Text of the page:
The key to addressing non-communicable diseases like diabetes lies in eliminating social inequalities.
The Diabetes epidemic is pervasive. In 2019, 59 million adults in Europe were living with diabetes and this figure is forecasted to rise to 66 million by 2030. This has and will have wide-ranging ramifications for society at large. Diabetes-related costs account for around 9% of total health expenditure (approx. €100 billion per annum), 75% of which is due to preventable complications. Diabetes reduces the life expectancy of people aged 40-60 by 4-10 years and is causally linked to other non-communicable diseases such as cancer and cardiovascular disease. Additionally, in 2015 people living with diabetes accounted for the third-largest number of potentially avoidable hospitable bed days spent in Europe, among all the major chronic diseases.
To us at IDF Europe it has become painfully apparent that things need to change to turn the tide on the diabetes epidemic – and this begins with tackling the social determinants of health.
The social determinants of health are those factors that influence one’s health, such as employment, education, living and working environment, income, housing, and access to high-quality, nutritious food. These factors can influence health outcomes because the environment in which one lives determines the lifestyle that one leads (food consumption, activity levels, stress levels, etc.). The ‘socio-biological cycle of diabetes’ encapsulates how social factors like poverty and unemployment lead to chronic stress which causes psychological and biological responses in the individual. This can culminate in depression, anxiety, and self-destructive behaviours (smoking, increased alcohol intake, etc.) which, over time, leads to higher blood pressure, cholesterol and blood glucose levels – key risk factors for developing Type 2 diabetes.
In order to break the cycle, we need to look at the root cause of the issue. Thus, the key to addressing non-communicable diseases like diabetes lies in eliminating social inequalities.
The Social Summit in Porto fails to address health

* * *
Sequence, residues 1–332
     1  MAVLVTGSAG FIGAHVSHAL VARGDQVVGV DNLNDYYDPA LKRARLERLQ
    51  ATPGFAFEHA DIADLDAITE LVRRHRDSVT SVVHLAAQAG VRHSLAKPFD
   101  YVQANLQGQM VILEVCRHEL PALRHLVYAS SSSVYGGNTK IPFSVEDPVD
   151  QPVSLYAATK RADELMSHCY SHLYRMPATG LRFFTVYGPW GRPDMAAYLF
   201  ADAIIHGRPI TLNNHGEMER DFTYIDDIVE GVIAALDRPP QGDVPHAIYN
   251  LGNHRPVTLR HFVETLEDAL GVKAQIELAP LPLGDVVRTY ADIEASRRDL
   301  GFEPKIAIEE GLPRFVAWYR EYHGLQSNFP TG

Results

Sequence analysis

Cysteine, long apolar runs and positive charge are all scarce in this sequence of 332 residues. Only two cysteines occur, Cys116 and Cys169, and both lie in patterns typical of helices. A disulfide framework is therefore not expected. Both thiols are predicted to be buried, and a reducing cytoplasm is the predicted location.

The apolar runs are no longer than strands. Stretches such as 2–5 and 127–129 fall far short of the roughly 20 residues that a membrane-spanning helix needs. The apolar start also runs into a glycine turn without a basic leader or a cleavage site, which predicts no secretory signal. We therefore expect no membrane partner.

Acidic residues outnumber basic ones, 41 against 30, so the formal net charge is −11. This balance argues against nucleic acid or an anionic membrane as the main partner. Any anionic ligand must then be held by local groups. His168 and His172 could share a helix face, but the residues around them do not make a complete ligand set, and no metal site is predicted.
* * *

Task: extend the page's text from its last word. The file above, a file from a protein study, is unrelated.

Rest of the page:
In 2021, Portugal took up the Presidency of the Council of the European Union with the mammoth task of leading the COVID-19 recovery process. Part of this recovery plan is to strengthen European health systems against future health threats to create a resilient ‘European Health Union’. However, at the Social Summit held on May 7th and 8th in Porto, health is not on the agenda. This was a key opportunity for the Presidency to highlight the critical role the social determinants of health play in preventing future health crises, including viral ones like COVID-19.
The European Pillar of Social Rights Action Plan, which will be discussed at the Summit, was published on March 4th of this year. It outlines how to turn the 20 key principles of the European Pillar of Social Rights into concrete actions. Many of these principles are directly and indirectly linked to health outcomes, for example, healthcare, wages, education, equal opportunities, and healthy work environments. This is a promising document that proves the European Union’s commitment to eliminating social inequalities in Europe. Therefore, it is unfortunate that health will not be discussed at the Summit. We encourage European and national policymakers to try to take a holistic ‘health-in-all-policies’ approach to all future conferences and we at IDF Europe will continue to advocate to get diabetes on the European agenda.
Read this excellent article by José Manuel Boavida, President of APDP (Associação Protetora dos Diabéticos de Portugal) and IDF Europe Board Member, who highlights the importance of addressing the social determinants of health.
If you are interested in learning more about the social determinants of health, join this webinar to launch the Special Initiative for Action on the Social Determinants of Health organised by the WHO which will be health on 12th May.